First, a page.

many years this has been pointed out as the "oldest house in Penn Yan,"
which it is not; and as the home of Captain John VanPelt, which it was not.
These misconceptions may have detracted from its undoubted age and quality,
and from its real history, which is very interesting, if incompletely known.
The land was part of
the Main Street frontage sold by Morris F. Sheppard to William Babcock in
1814, a piece 187 feet along the street and 100 feet deep.
In 1820 Babcock signed
a quitclaim assigning his rights to the northern half (93.5 feet along the
street) of this large parcel to John Van Pelt, Jr., who had made a fortune
as a military contractor during the War of 1812. In 1826 Morris F. Sheppard
sold the entire 187-foot parcel to the younger VanPelt. Apparently Babcock
had either defaulted on his payment (which seems wildly out of character)
or Sheppard had simply re-acquired the land from him. By that time this
house, possibly #329 and almost certainly #327, had been built.
The differences between
the two deeds of sale may give a clue to this puzzle. Babcock's quitclaim
to VanPelt has a beginning point on the south side of the lane that led
from Main street down to Sheppard's fulling mill on Jacob's Brook (now Mill
street); Sheppard's deed to VanPelt has a beginning point also on the south
side of the lane, but also at the northeast corner of a lot previously purchased
by VanPelt from Lewis Vanderlip. The latter deed was never recorded, nor
is there one showing when Vanderlip bought the lot, probably from Babcock.
In any case this is the only known mention of a candidate for the builder
of this house in the first half of the 1820s.
This 1826 sale must
have been among the last to VanPelt before his somewhat spectacular collapse
in fortune. His creditors forced him to assign all his property to a trustee,
of Geneva, who subdivided the land into smaller lots and sold them off in
1834. This house stood on Lot 4 of the VanPelt lands sold in that year,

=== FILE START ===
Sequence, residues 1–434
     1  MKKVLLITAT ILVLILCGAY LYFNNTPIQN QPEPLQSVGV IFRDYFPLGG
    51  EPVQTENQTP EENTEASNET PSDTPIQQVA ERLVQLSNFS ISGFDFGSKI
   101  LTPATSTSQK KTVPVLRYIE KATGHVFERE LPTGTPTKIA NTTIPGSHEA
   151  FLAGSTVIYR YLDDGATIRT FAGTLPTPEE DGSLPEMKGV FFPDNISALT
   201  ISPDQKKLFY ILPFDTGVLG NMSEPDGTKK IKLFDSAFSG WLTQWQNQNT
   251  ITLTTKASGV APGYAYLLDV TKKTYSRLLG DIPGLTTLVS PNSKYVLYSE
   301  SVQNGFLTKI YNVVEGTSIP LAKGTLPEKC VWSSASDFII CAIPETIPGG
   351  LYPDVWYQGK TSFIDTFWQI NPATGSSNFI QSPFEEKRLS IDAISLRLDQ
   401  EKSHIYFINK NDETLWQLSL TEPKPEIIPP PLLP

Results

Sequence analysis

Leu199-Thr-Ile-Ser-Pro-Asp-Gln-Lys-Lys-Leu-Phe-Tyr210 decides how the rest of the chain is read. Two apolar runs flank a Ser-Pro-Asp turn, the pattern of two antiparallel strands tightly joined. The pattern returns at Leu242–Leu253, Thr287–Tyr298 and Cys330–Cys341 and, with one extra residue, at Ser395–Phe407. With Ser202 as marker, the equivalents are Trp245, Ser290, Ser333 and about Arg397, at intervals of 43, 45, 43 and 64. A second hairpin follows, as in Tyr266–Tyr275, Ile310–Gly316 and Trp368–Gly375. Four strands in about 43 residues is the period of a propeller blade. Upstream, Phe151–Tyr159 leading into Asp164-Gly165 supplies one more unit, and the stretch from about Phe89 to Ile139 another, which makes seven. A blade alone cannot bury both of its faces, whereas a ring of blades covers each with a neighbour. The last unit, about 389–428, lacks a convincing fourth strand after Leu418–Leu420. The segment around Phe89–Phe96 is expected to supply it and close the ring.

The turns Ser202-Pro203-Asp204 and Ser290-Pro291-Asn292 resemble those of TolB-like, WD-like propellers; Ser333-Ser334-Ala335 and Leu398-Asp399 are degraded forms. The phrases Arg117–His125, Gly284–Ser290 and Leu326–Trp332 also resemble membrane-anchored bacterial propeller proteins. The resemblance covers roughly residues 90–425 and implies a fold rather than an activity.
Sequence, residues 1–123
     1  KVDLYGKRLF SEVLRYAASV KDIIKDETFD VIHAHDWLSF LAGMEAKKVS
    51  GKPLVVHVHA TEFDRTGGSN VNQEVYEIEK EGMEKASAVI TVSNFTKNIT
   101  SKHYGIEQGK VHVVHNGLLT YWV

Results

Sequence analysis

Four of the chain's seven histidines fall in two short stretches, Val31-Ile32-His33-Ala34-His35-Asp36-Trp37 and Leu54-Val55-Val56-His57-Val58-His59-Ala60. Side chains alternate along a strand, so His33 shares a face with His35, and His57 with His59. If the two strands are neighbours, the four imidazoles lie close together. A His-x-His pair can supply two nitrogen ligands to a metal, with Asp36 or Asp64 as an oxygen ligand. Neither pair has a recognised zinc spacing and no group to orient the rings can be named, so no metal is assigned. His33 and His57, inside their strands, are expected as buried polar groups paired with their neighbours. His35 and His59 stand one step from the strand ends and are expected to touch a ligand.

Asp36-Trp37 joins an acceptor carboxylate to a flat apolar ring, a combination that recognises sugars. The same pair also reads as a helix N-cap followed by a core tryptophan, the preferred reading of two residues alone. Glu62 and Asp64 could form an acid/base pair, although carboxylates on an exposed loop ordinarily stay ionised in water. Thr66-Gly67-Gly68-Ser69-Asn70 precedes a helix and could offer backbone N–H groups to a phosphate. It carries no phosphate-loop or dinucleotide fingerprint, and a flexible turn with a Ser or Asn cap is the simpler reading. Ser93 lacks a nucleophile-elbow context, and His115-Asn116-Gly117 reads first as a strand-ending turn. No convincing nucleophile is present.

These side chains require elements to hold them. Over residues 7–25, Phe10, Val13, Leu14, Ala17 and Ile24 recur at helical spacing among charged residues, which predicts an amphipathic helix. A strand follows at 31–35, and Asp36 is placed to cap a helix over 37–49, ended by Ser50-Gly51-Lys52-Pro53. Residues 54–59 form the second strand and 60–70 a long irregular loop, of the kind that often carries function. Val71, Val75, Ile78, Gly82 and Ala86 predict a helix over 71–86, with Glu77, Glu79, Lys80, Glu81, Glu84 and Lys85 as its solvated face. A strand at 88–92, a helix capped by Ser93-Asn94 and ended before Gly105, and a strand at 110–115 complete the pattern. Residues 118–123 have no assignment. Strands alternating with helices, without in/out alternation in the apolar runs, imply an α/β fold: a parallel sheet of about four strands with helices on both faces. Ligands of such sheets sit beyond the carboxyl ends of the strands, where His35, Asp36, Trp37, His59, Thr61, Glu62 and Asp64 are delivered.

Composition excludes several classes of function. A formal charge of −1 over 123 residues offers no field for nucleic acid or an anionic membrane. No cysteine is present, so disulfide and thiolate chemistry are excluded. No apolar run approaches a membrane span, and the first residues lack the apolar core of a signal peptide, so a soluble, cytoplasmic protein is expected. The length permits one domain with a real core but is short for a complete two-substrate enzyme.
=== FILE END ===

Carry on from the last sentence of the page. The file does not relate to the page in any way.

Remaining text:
and is described on the survey map that governed the sale: "Lot Number
Four has a large two-story 26' by 26' house well-finished for a dwelling
house to which is subjoined a building one and a half story high 22' by
24' which is used as a kitchen."
The only real clue
as to who may have lived in one or the other of these two buildings, now
joined into one, before the sale of 1834, is the reference mentioned above
to the tailor Lewis Vanderlip owning this lot between 1820 and 1826. The
smaller kitchen wing could well have been moved onto this lot from elsewhere;
or it might be Vanderlip's original house, with another larger one built
onto the front. Another house described on the map as standing east of Jackson
Street was the house VanPelt lived in (it is explicitly described as such
on the deed); and the only other house is the one now standing at #325 Main
Street, built about 20 years earlier by William Cornwell, Jr. Another house
of the same vintage, #327, was not included in the sale of 1834 because
its lot had been purchased already by A.P. Vosburgh.
In any case, Lots 4
and 5 were sold by Schermerhorn to John Playsted, a recent immigrant from
England whose daughter Sarah came to live in this house in 1842 soon after
her father's death. Her husband was Charles Scott, a jeweler with a store
in the business district. He died in 1848, and she remained in the house
another half-century (nearly), until her death in 1896. She had already
deeded the property over to her daughter, Sarah E. Scott, in 1894, and the
younger woman stayed there until her own death in 1923, after which it went
to some cousins.